The game, Ingress, is played by millions worldwide on tablets, smartphones and computers. Competitors seek to control portals as a stepping stone for the conquest of earth.
But making places like Auschwitz – scene of 1.2 million of the six million Jewish dead of the Holocaust – as “prizes” to be won in the game has been condemned as sick and an affront to the memory of the millions of victims.
Players are allowed to choose monuments and landmarks but not until Google has approved them – which it did this week for Auschwitz and the Nazi concentration camps of Dachau and Sachsenhausen.
“All of us here are horrified and appalled,” said Guenther Morsch, head of the Sachsenhausen Memorial. The camp, outside Berlin, was one of the first set up by the Nazis to incarcerate political enemies in.
Google – infamous among web publishers for instituting arbitrary advertising bans – apologized for adding them to the game but said they were of “significant historical value.”
“After we were made aware that a number of historical markers on the grounds of former concentration camps in Germany had been added we determined that they did not meet the spirit of our guidelines, and began the process of removing them in Germany and elsewhere in Europe.” said game maker John Hanke, the man who invented Google streetview.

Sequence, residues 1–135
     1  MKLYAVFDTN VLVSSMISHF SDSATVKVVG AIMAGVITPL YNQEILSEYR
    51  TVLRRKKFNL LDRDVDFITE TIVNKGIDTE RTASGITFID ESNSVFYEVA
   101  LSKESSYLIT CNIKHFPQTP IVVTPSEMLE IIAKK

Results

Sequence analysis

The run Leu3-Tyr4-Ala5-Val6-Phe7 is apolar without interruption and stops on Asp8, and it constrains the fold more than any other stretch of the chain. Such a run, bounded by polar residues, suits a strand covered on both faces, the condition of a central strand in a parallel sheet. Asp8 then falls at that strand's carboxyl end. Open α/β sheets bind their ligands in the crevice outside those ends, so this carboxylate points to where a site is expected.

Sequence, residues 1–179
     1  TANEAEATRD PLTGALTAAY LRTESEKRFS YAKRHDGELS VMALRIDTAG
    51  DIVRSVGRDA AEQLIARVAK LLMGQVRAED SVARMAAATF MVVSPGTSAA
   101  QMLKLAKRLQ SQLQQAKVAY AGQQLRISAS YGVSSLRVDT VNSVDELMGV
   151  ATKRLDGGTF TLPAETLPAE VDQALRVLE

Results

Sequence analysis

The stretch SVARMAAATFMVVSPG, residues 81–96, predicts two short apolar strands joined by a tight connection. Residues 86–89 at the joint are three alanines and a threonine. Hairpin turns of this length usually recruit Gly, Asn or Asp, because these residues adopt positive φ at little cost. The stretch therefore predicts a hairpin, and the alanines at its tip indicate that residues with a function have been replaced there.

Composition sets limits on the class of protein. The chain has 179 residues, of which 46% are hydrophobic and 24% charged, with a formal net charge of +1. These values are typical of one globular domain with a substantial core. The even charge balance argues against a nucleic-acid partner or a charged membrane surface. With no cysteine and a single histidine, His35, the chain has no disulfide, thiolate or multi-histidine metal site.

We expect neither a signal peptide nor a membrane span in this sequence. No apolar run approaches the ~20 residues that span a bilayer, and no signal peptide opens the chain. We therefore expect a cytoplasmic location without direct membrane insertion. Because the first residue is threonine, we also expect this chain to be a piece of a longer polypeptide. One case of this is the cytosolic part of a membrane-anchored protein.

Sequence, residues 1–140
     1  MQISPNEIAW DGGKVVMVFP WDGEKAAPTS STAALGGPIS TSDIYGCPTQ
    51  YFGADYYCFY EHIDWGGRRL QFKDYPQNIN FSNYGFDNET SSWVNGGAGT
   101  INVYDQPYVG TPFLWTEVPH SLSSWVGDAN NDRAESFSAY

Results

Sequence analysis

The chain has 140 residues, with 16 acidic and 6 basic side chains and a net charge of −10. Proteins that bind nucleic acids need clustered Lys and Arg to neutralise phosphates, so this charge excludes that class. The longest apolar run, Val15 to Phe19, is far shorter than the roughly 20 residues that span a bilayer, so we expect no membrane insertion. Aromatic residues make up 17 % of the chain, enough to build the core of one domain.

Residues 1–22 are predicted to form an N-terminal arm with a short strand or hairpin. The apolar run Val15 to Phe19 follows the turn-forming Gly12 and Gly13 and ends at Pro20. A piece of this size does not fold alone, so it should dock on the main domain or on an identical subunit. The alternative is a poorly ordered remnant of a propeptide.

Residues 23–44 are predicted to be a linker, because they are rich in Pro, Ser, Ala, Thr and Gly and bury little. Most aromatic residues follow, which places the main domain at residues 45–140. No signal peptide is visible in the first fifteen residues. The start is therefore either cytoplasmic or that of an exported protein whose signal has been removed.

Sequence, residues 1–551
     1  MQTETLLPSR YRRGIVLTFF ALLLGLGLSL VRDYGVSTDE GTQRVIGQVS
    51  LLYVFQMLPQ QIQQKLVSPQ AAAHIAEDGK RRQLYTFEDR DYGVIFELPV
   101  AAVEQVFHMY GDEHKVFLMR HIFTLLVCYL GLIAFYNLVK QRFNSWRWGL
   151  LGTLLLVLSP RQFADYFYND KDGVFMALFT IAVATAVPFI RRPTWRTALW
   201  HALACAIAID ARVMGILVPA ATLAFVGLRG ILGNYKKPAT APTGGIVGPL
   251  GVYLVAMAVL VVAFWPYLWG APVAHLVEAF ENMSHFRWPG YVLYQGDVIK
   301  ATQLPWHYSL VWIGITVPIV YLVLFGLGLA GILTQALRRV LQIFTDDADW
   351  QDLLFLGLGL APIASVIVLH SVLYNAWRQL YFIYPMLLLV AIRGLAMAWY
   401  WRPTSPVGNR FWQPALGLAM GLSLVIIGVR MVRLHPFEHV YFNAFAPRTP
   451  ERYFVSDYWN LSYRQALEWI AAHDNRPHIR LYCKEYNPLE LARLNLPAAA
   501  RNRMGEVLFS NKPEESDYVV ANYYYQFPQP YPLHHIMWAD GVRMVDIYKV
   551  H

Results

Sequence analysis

“We apologize that this happened,” he added.
Holocaust survivor Abraham Foxman, retiring chairman of the Anti Defamation League, said: “The more society trivializes the Holocaust, the more often we are likely to see this phenomenon. That even concentration camps become the subject of computer games. It is sad, very sad.”
Rabbi Avraham Cooper, of the Simon Wiesenthal Centre in Israel, called the game “disturbing” and said he would be willing to take Ingress and Google managers on a week long trip to the sites of the death camps to educate them about the Holocaust.
“Then they could see Auschwitz and Dachau and understand just what they represented,” he added.